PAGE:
James Denny Daugherty

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JAMES DENNY DAUGHERTY was born in Kittanning, Pa., Oct. 17, 1855, his father being one of the descendants of the pioneers of the town, born in Kittanning. His mother was Anne Riley, a native of Ireland. Mr. Daugherty�s early education was acquired in the public schools, but was delayed by the necessity of obtaining a livelihood. He worked in a brickyard during the daylight hours and recited at night to the late Robert W. Smith, the historian, from whom he obtained a basic knowledge of Latin and mathematics which has served him well in the later years of his success. Finally, through severe economy, he was enabled to attend the Eldersridge Academy, and Mount Union College, Ohio, from which latter institution he graduated.

From boyhood he had been a lover of books and had a keen interest in mechanics and new discoveries. When the Graham system of shorthand writing came into popular use, he was one of the first to avail himself of the opportunity to acquire a rapid method of transcribing speech, and soon became noted as a fast and accurate reporter. So great was his repute that he was made official court reporter. During this time he was reading law in the office of Hon. John Gilpin and G. S. Crosby, and he was admitted to the bar in September, 1887.

Having realized the great economic value of the typewriter, upon its introduction to the world, he at once purchased one, became remarkably expert upon that comparatively clumsy pioneer machine, and began at once to improve upon it. The culminating event of his career was the invention of the first visible typewriter, which he soon developed into a practical instrument and later put upon the market, being at the head of a company he organized for its manufacture. This machine was the progenitor of all the modern visible machines of the world. Mr. Daugherty is now engaged, in his leisure moments, in devising an adding typewriter for one of the largest of the great manufacturing firms of that giant industry. He has taken out nearly a hundred patents on typewriters and computing machines and is frequently consulted as a constructive expert.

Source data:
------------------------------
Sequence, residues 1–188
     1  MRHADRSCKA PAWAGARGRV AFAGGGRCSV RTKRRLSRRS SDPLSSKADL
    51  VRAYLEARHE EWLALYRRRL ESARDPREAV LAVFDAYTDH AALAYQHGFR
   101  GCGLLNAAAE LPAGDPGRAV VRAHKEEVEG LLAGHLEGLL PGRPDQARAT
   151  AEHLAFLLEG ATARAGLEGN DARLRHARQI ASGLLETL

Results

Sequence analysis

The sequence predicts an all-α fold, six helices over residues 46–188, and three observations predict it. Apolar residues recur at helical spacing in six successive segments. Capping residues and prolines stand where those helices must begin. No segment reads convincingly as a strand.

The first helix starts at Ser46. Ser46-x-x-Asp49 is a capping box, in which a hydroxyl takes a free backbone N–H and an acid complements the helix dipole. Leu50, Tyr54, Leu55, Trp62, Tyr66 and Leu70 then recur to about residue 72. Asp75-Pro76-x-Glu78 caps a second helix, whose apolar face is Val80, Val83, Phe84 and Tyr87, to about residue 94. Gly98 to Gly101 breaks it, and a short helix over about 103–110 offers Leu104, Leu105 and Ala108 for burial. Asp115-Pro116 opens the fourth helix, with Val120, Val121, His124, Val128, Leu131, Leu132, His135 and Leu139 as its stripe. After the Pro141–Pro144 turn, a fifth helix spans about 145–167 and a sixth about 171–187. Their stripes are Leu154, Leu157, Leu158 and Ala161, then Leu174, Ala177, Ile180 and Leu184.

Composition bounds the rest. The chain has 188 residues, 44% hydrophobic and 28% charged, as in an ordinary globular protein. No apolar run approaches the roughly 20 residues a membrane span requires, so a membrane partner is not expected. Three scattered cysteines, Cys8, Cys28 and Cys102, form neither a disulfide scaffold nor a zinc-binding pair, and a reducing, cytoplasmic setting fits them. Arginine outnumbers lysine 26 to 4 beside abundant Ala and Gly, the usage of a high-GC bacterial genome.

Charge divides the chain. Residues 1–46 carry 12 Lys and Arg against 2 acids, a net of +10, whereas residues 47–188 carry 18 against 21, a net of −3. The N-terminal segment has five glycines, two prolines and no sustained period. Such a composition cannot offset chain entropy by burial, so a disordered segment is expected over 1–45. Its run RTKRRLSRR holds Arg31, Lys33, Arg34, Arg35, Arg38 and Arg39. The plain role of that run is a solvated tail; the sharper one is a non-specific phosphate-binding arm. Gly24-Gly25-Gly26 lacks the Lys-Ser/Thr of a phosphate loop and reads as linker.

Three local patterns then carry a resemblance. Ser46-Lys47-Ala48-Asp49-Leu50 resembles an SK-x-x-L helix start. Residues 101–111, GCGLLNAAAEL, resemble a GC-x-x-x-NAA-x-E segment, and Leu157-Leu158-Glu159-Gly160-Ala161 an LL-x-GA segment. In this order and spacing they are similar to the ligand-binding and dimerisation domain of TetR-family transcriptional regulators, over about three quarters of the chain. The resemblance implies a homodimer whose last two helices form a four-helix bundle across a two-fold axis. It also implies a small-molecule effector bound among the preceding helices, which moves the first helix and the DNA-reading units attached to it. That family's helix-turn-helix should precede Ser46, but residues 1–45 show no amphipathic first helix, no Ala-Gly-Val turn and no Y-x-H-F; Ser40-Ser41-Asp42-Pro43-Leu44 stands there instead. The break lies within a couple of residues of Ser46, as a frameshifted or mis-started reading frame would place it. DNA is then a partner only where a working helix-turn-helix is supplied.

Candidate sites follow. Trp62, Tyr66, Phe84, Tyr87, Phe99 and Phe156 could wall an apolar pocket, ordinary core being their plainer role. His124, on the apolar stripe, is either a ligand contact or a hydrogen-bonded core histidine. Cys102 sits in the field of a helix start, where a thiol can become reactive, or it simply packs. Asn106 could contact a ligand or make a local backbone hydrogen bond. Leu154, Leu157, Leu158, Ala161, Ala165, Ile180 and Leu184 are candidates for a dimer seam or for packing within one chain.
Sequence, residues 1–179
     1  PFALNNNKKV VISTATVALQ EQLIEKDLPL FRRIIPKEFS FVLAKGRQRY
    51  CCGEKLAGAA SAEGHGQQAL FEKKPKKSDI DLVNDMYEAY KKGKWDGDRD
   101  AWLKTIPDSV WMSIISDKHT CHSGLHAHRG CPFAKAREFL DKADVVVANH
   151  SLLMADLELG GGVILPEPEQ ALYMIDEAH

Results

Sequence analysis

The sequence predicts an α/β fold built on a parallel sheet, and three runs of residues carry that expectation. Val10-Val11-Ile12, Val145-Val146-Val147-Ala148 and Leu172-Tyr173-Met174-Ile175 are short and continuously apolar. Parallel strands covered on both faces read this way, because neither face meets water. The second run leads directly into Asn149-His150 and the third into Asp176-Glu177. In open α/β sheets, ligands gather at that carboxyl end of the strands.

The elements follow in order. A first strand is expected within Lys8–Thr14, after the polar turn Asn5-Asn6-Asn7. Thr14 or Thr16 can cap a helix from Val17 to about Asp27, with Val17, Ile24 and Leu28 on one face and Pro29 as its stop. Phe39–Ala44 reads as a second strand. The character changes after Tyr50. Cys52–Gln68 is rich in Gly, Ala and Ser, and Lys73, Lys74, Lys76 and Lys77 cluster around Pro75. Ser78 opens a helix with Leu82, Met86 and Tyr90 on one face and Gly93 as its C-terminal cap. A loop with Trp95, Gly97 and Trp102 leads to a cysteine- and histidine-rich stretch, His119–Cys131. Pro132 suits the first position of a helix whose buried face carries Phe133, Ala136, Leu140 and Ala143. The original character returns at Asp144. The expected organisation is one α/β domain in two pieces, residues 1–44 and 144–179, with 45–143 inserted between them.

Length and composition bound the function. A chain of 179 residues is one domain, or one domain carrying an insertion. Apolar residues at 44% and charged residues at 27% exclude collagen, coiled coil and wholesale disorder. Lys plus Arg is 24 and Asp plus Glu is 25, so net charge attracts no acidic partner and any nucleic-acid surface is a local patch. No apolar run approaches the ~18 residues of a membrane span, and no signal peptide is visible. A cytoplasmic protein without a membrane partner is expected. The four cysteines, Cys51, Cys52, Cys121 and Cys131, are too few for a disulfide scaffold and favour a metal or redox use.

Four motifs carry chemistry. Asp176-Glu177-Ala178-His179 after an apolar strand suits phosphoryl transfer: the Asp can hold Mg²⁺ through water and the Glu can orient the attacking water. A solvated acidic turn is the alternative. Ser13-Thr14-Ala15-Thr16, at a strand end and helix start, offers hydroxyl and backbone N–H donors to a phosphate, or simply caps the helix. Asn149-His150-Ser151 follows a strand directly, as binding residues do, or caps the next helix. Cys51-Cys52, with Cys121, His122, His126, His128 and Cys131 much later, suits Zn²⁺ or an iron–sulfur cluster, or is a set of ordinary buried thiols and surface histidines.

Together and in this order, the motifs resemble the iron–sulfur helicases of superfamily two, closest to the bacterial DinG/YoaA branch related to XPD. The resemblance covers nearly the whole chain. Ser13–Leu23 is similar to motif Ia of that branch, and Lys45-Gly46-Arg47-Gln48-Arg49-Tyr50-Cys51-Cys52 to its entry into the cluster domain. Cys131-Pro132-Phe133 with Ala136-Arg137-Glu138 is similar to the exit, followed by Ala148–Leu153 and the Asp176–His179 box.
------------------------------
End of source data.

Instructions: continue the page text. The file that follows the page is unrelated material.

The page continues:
During the time he was developing the typewriter Mr. Daugherty had found spare moments to perfect himself in legal lore, and in 1898 he was appointed referee in bankruptcy by Hon. Joseph Buffington, a position which he still holds. He has a law office in Kittanning, and is often retained as a pleader in important cases, where his native eloquence can be made available before the jury. He is now county solicitor and held that position for six years once before.

Nature was lavish in her bestowal of talents upon "Denny," as his friends call him, for not only is he gifted as a mechanic, and learned in the law, but his inborn eloquence and poetic temperament are traits which have endeared him to his friends, and made him a terror to his adversaries. Not only have these talents gained recognition in the section where his life has been spent, but in many political campaigns his clear and penetrating voice has resounded from the rostrum in defense of the principles of his party. He was one of the few speakers selected for service in the campaign of the lamented William McKinley, for whom Mr. Daugherty had a strong personal friendship. When that martyred president�s memorial services were held, Mr. Daugherty was selected to deliver the address, and the poem written and recited by him on that occasion has still power to bring tears to the eyes of the reader. He was also selected in 2905 to present the largest flag in the world to the city of Pittsburgh.

Mr. Daugherty was married Jan. 1, 1878, to Eliza L. Field, a native of Canada, whom he met at college, and has three children: Mary E., a graduate of Margaret Morrison branch of Carnegie Technical Institute, Pittsburgh, in domestic science; Nancy L., portrait painter, now in Paris, France, and J. D., Jr., engaged in the automobile business.

Mr. Daugherty has had a standing offer to go upon the lyceum platform as a lecturer and entertainer, and several times has been mentioned as available material for Congress, but so far neither of these has appealed to him

Source: Page(s) PAGES 346-347, Armstrong County, Pa., Her People, Past and Present, J.H. Beers & Co., 1914
Transcribed July 1998 by Patti Godesky for the Armstrong County Beers Project
Contributed for use by the Armstrong County Genealogy Project (http://www.pa-roots.com/armstrong/)

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